Today I’m sending you over to Djibouti Jones where Rachel Pieh Jones launches a series on Third Culture Kids. The most popular posts on Communicating Across Boundaries are overwhelmingly those that process the TCK experience. As an adult third culture kid who raised third culture kids for 11 years, I am deeply connected to the topic. With that in mind I knew many of you would be interested in following this series.
Rachel begins the series with an essay by Ruth E. Van Reken, co-author with David Pollock of Third Culture Kids: Growing Up Among Worlds. I have included a short excerpt and you can follow the rest at Djibouti Jones. Please weigh in through the comment section of that post!
Who are third culture kids?
In the late 1950s, Ruth Hill Useem, originator of the third culture kid term, simply called them “children who accompany parents into another culture.” While she did not specifically say so, all those she originally studied were in another culture due to a parent’s career choice, not as immigrants or refugees. Dave Pollock later defined TCKs as those who have “spent a significant part of his or her developmental years outside the parents’ culture(s).” He then went on to describe them by adding “Although elements from each culture are assimilated into the TCK’s life experience, the sense of belonging is in relationship to others of similar background.”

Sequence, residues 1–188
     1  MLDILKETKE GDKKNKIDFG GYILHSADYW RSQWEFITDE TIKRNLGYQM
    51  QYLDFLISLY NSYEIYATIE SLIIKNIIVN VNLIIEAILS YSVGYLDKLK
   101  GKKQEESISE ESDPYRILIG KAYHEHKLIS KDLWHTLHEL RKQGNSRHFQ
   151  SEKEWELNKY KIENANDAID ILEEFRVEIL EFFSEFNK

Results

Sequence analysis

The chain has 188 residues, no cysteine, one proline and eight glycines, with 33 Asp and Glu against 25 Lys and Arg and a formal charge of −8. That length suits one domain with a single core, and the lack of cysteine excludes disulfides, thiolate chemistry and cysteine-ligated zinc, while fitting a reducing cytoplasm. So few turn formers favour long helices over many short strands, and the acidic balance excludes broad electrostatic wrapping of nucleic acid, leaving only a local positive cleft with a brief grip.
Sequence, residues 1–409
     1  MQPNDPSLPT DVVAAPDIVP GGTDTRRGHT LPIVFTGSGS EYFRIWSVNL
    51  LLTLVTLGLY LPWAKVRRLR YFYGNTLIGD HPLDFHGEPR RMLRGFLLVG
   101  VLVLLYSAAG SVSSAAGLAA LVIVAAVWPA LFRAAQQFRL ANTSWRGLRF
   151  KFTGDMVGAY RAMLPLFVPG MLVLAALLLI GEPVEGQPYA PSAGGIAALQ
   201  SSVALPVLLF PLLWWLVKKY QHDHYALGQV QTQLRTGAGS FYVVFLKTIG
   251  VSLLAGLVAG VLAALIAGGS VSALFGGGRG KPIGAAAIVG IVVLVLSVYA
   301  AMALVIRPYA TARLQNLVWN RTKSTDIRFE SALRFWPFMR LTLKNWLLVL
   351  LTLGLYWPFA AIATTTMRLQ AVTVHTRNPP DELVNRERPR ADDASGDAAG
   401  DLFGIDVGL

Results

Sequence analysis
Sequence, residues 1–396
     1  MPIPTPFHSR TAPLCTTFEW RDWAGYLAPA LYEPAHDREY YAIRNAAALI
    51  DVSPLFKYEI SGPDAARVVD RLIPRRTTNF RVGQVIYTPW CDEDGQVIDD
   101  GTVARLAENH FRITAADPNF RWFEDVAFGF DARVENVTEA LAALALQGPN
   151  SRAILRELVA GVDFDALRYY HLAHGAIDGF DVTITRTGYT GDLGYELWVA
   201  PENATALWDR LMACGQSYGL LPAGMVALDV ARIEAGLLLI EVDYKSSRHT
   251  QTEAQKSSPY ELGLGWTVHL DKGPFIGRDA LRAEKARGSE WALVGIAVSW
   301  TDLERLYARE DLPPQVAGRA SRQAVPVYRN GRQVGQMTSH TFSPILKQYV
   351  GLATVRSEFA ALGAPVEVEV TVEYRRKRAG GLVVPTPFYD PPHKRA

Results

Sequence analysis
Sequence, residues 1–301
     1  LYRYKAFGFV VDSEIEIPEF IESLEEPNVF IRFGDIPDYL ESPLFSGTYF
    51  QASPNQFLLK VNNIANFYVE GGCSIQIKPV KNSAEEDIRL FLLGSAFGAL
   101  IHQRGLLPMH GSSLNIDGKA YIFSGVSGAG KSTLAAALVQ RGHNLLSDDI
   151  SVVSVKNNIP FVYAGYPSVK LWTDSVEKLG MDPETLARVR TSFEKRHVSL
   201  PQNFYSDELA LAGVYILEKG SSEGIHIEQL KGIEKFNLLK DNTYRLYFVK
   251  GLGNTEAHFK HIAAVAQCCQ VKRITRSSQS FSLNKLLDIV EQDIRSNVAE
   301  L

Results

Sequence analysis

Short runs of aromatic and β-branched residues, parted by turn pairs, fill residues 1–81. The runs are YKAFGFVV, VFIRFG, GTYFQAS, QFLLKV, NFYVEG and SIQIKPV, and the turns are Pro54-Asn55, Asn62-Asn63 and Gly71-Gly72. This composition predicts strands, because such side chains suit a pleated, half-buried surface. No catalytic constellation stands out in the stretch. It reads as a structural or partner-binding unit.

This descriptive phrase seems to be part of where some confusion rests. It is absolutely true that any given TCK or by now adult TCK (ATCK) often personally incorporates various aspects of his or her life experiences into a personal world view, food preferences, or cultural expectations. That’s why many TCKs and ATCKs relate to the metaphor of “being green” that Whitni Thomas describes in her lovely poem “Colors.” There she writes how she feels both yellow and blue in her different worlds but wishes there was a place to “just be green.” Ironically, many TCKs do feel “green” when with others of like experience, as Pollock describes. This is where they don’t have to explain this desire to be both/and rather than being forced to choose an either/or identity. Other TCKs easily understand because many feel the same way, no matter which country their passport says is “home” or which countries they have lived in. But putting various pieces of different cultures together is not the third culture itself, although it is a very common (and wrong) way many describe it. Read more here.
- Popular on Communicating Across Boundaries
- Where Is Home for a Third-Culture Kid? (rendezvous.blogs.nytimes.com)
- Who is it that can tell me who I am? Third Culture Kid drama! (thedisplacednation.com)